How to Recruit Patients for Clinical Trials

How to Recruit Patients for Clinical Trials

How to Recruit Patients for Clinical Trials

The COVID-19 pandemic and its ongoing aftermath has served to highlight the critical importance of clinical trials, as well as the challenges of conducting them. Investigators continue to cite challenges in fulfilling enrollment quotas as the area of greatest need for improvement in the clinical research process.

How to recruit for clinical trials

As with any public health messaging, how to recruit patients for clinical trials successfully is primarily dependent upon:

  • The right message(s)
  • Delivered by the right messenger(s)
  • In the right way(s)

Clinical trial recruitment is a science, every bit as much as the research involved in the trial itself. Recruitment companies understand this. Each trial is unique. We wouldn’t recruit the same way for a rare congenital disease study as we would for a study involving common symptoms affecting large, diverse populations. Imagine recruiting for research on juvenile glaucoma the same way you would for COVID-19. It wouldn’t work.

The right message

Health messaging, whether for a ‘quit smoking’ campaign or clinical trial recruitment, is about persuading people to take some form of action. To do that, you must be clear about quite a few things:

  • Who makes up your target audience,
  • What it is you’re asking them to do, 
  • Why it’s important for them to do it, 
  • What they can expect to get out of doing it, and
  • How they can go about doing it.

How do you go about crafting that message? Simply stating, “Join a clinical trial. It’s good for Science. Click here now,” might get you a couple of clicks from curious viewers, but likely won’t result in the numbers you seek. The message, “Hey, Kids! Free drugs!” might get you a few more clicks, but doesn’t get to the heart of the matter, and health messaging is about heart.

Who, specifically, are the patients you seek as participants? What do they value? What do they fear? In short, why would they, specifically, care?

clinical trial patient and nurse

The right messenger

Assuming that you craft a clear, consistent message that would resonate with your audience, choosing the right messenger could mean the difference between the robust enrollment of interested, eligible participants and empty research sites.

Who does your audience trust and respect? Would potential participants respond well to information from a doctor, pharmacist, or some other member of the medical establishment? Would they be more receptive to a recommendation from a spiritual or religious leader? Perhaps they would be more likely to take action on a suggestion from their hair stylist, nail tech, personal trainer, or music teacher.  

Age, cultural, and geographical differences can all play a role in determining who the best messengers are, to ensure that your well-crafted message reaches your intended recipients, both tangibly and psychologically. 

The right delivery system

What if you’ve got a potentially resonant message, and a potentially effective messenger, but no strategy for actually getting the message out? Are you going to use email? How many? To whom? And what’s the best timeline for sending them out?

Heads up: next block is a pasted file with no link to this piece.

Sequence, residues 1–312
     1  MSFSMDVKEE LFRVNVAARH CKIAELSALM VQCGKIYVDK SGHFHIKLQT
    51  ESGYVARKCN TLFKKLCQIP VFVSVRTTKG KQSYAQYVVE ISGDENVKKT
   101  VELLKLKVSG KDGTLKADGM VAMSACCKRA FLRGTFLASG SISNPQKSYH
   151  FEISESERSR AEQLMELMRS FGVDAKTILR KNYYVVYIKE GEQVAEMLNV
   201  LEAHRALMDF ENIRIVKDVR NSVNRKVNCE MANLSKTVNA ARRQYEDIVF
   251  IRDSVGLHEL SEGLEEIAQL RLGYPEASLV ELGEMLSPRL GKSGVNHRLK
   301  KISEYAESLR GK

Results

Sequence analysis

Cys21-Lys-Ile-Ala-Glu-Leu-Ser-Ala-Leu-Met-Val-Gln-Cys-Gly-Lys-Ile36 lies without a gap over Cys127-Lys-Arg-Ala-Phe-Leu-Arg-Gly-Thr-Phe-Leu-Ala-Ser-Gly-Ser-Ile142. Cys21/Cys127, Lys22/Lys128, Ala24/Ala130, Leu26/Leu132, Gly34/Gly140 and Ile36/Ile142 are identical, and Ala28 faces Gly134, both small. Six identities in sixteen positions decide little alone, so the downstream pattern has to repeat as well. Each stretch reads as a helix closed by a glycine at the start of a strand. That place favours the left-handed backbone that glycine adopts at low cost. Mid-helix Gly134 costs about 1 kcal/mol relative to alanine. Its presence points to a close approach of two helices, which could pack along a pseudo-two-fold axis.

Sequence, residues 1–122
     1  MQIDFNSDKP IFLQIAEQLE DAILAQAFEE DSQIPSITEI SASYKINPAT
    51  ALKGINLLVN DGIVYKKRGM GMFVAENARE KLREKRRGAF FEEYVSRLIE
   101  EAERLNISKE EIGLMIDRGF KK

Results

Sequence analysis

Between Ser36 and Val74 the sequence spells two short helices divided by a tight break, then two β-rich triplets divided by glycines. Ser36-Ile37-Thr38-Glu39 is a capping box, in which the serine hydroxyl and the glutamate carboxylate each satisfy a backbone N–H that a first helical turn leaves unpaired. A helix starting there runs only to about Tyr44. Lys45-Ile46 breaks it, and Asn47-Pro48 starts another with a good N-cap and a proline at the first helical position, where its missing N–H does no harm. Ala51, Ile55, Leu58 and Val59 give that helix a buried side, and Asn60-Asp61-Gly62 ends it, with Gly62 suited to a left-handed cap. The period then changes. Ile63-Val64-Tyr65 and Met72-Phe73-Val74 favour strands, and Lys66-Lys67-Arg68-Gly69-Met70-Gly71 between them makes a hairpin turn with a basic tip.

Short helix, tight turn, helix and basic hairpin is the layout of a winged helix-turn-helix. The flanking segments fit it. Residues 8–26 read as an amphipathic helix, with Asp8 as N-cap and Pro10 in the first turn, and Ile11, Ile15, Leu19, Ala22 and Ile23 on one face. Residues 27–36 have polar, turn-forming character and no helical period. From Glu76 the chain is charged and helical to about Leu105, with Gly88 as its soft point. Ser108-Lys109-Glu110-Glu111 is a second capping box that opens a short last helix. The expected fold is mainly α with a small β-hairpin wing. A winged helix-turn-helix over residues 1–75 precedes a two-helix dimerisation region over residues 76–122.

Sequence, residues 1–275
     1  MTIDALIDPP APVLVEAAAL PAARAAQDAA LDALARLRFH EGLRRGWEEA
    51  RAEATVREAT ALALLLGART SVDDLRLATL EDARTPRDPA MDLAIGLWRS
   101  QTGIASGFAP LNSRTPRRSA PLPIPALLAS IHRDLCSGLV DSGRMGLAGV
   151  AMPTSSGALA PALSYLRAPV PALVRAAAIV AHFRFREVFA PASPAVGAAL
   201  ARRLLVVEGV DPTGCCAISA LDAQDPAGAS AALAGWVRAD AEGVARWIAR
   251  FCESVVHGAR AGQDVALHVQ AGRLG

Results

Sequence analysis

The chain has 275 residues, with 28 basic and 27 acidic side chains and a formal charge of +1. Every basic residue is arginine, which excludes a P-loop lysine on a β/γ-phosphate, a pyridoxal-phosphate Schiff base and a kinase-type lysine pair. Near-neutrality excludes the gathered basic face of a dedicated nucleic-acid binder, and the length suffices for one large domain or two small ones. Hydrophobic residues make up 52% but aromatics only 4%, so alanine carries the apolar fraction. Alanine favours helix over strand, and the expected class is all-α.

Are ads the best way to go? Where will you place them so that your audience is mostly likely to see or hear them? How do you find the happy medium between message effectiveness and cost effectiveness?

Will you distribute brochures to doctors? Design ads for one or more social media platforms? Which ones? Do you have a team member who knows how to optimize messaging for each platform, regarding voice, tone, visual images, and text-to-image ratio? Would videos be useful? Where would you post them?

The value of clinical trial recruitment partners

For those wondering how to recruit patients for clinical trials, the value of partnering with a recruitment company is manyfold. Recruitment professionals understand people; they are at once social scientists, artists, and communications experts. 

At Responsum, for instance, we understand patient experience and the power of relationships that are based on trust. We use our knowledge of digital media to communicate with our community members, but everything we do is informed by our focus on their needs.

When we contract with a client for trial recruitment, we bring all of our knowledge of both patients and marketing principles to the table, saving scientists time, energy, and other resources by:

  • Designing and creating customized pre-screening surveys, brochures, email campaigns, social media and blog posts, landing pages, and other literature for IRB approval.
  • Promoting the trial through multiple channels and platforms, reaching out to patients, and speaking to their concerns. 
  • Performing pre-screening activities involving online form collection, phone calls, documentation, follow-up, and referral.
  • Engaging in site follow-up and other tasks according to each client’s—and each trial’s—needs, goals, parameters, and specifications.

Recruitment professionals understand that each trial is unique, requiring flexibility and individualized needs assessment. Successful recruitment is critical in order for trials to move forward, add to our collective understanding of diseases, and improve health equity and outcomes. When experts work together, everyone wins.

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